Vortrags- und Seminarreihe: Elena Vogman & Marlon Miguel – The ›Pathology of Freedom‹
Zur Vorlesungs- und Seminarreihe
The publication of Frantz Fanon’s Psychiatric Writings (Writings on Alienation and Freedom,  2018) marks a turning point not only in the history of critical psychiatry but also in the way we can approach the theory and history of decolonial thought. Reading colonial violence through the prism of mental illness implied for Fanon an understanding of mental illness as a ‘pathology of freedom’. This course explores a series of Fanon’s crucial decolonial concepts in their entanglement with the methods and tools of institutional psychotherapy: a clinical and political movement that emerged in the context of Second World War and the extermination policy aimed at psychiatric patients. Fanon’s collaboration with the resistance fighter and revolutionary doctor François Tosquelles at the Saint-Alban psychiatric clinic in Lozère in 1953 and his subsequent implementation and transformation of institutional psychotherapy in the Blida-Joinville clinic in Algeria both form central ‘scenes’ for our analysis. These scenes will be accompanied and deepened by a close reading of a number of texts and visual materials. We will also explore the role of different media and art practices, such as filming and photography, writing and publishing, drawing and sculpture for the formation of the so-called milieus of healing crucial to the practice of both Fanon and Tosquelles.
Week 1. Introduction: Decolonial Perspectives on Psychiatry (5. Mai)
In this first session, we will introduce Frantz Fanon’s trajectory, from his encounter with the Catalan psychiatrist François Tosquelles and the institutional psychotherapy developed at the Saint-Alban clinic to the work undertaken in Algeria. How do Fanon’s methods relate to institutional psychotherapy and simultaneously displace it against the backdrop of the violence of colonial war?
- Nancy Luxon, ‘Fanon’s Psychiatric Hospital as a Waystation to Freedom’, Theory, Culture & Society 0(0), pp. 1–21, 2021, DOI: 10.1177/0263276420981612
François Tosquelles showed how the experience of the apocalypse, or the ‘end of the world’, is recurrent for persons suffering from psychosis. But far from a simple delirium, this experience is an organic psychosomatic reaction that seeks to create a coherent form of life that would enable the individual to endure. Tosquelles, along with Georges Canguilhem, understands himself as part of a tradition extending from Sigmund Freud and Jacques Lacan that radically challenges notions of the normal and the pathological, of order and disorder.Reading:
- Translated excerpts from François Tosquelles
Week 3. Mental Illness as a ‘Pathology of Freedom’ (Fanon) (19. Mai)
Fanon adopts from the French psychiatrist Henri Ey the idea that mental illness implies a ‘pathology of freedom’. To understand this statement and grasp the meaning of ‘freedom’, we propose to introduce a constellation of figures (such as Ey, Louis Le Guillant and Marcel Mauss) and concepts (such as ‘milieu’ and ‘atmosphere’).Reading:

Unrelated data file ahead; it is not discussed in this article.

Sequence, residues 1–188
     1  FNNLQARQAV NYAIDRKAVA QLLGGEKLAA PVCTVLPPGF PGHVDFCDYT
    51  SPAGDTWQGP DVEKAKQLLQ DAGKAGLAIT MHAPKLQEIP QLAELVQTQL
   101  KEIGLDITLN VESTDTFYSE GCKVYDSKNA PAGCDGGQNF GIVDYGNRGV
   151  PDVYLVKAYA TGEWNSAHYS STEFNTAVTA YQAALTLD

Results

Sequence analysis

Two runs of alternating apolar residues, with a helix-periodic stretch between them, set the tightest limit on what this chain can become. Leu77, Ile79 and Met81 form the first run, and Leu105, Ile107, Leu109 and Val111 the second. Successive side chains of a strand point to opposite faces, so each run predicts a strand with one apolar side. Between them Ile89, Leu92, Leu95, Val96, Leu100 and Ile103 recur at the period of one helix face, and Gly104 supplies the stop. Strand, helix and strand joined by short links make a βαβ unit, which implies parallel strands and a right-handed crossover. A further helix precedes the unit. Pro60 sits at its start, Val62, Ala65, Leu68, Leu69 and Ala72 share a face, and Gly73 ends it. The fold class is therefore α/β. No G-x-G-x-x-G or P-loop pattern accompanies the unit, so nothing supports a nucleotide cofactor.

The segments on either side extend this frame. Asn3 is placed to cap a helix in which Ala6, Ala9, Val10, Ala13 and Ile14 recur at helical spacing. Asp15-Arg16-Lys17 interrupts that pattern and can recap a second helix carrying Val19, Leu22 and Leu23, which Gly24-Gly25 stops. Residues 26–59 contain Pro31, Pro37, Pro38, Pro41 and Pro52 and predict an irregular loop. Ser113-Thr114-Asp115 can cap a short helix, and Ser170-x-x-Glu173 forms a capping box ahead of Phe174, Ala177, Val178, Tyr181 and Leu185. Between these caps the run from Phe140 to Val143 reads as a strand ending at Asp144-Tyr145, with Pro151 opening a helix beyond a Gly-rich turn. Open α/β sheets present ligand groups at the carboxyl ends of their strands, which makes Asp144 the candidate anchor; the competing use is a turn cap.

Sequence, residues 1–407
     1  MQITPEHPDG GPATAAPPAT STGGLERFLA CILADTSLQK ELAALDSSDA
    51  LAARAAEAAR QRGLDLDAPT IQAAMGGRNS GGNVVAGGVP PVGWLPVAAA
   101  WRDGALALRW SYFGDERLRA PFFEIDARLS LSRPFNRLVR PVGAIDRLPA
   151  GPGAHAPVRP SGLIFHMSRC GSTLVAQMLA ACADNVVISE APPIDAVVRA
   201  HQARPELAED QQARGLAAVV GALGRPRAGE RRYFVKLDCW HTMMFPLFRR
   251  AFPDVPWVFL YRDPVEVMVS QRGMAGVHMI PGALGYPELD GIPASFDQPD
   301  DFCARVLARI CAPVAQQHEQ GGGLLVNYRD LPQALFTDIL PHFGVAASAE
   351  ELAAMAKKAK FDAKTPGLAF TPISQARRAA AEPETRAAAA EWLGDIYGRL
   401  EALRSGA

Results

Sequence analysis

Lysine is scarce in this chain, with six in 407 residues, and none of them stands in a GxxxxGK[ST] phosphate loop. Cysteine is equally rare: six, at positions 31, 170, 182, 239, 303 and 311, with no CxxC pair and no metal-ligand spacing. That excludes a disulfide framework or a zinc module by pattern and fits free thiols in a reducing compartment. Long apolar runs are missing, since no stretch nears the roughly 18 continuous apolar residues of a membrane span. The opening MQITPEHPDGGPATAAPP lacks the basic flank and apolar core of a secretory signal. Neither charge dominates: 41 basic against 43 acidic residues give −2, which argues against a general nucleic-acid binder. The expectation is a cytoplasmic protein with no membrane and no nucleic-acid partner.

- ›Day hospitalization in psychiatry: Value and limits. Part two: doctrinal considerations)‹, Frantz Fanon: Writings on Alienation and Freedom, ed. by Jean Khalfa and Robert J.C. Young, trans. by Steven Corcoran (London: Bloomsbury, 2018), pp. 495-509.
After having conceptualized mental illness as a ‘pathology of freedom’, Fanon relates it to the ‘bloody atmosphere’ of the colonial war in Algeria. How does mental illness relate to this colonial atmosphere? And what role do media play in reconstructing a ‘healing milieu’? In this session, we will analyze how Fanon reintroduces the media work already practiced in Saint-Alban, and in particular the importance of film for his method. We will also watch a film made in the context of his work with refugees from the Algerian war (J’ai huit ans).Reading:
- ›Colonial War and Mental Disorders‹, in Wretched of the Earth, chap. 5, trans. by Richard Philcox (New York: Grove Press, 2005), pp. 181-233.
In his book Necropolitics, Achille Mbembe takes up Fanon’s reflections made in the context of the Algerian colonial war, underlining two types of violence. On the one hand, there is a colonial- and racist-type of violence, a mythical violence that functions through a permanent division between ‘them’ and ‘us’. On the other hand, there is a ‘regenerative’ violence capable of producing other forms of life. These two forms of violence are intertwined in the colonial context and also relate to both traumatic experiences and healing strategies.Reading:
- ›Fanon’s Pharmacy‹, in Achille Mbembe, Necropolitics, trans. by Steven Corcoran (Durham: Duke University Press), pp. 117-155.
All courses will be taught in a hybrid format (in person and on Zoom). Video recordings are made available for those unable to attend. Course readings can be accessed online before the school begins. Links to the Zoom classroom are sent out prior to the course starting. All payment must be made via credit card or Paypal account during enrolment.Datum/Zeit: 5., 12., 19., 26. Mai & 2. Juni 2022, 19.00 – 21.00 Uhr Ort: Parrhesia: School of Philosophy, Gerichtstraße 45 (im Hof), 13347 Berlin, Deutschland UND Online (Zoom) Teilnahmegebühr: 50-80€ (1 Kurs), 68-105€ (2 Kurse), 80-120€ (3 Kurse) (Significant discounts apply for those enroling in multiple courses: Preistabelle)
Kontakt: For any questions please email parrhesiaberlin[a]gmail.com.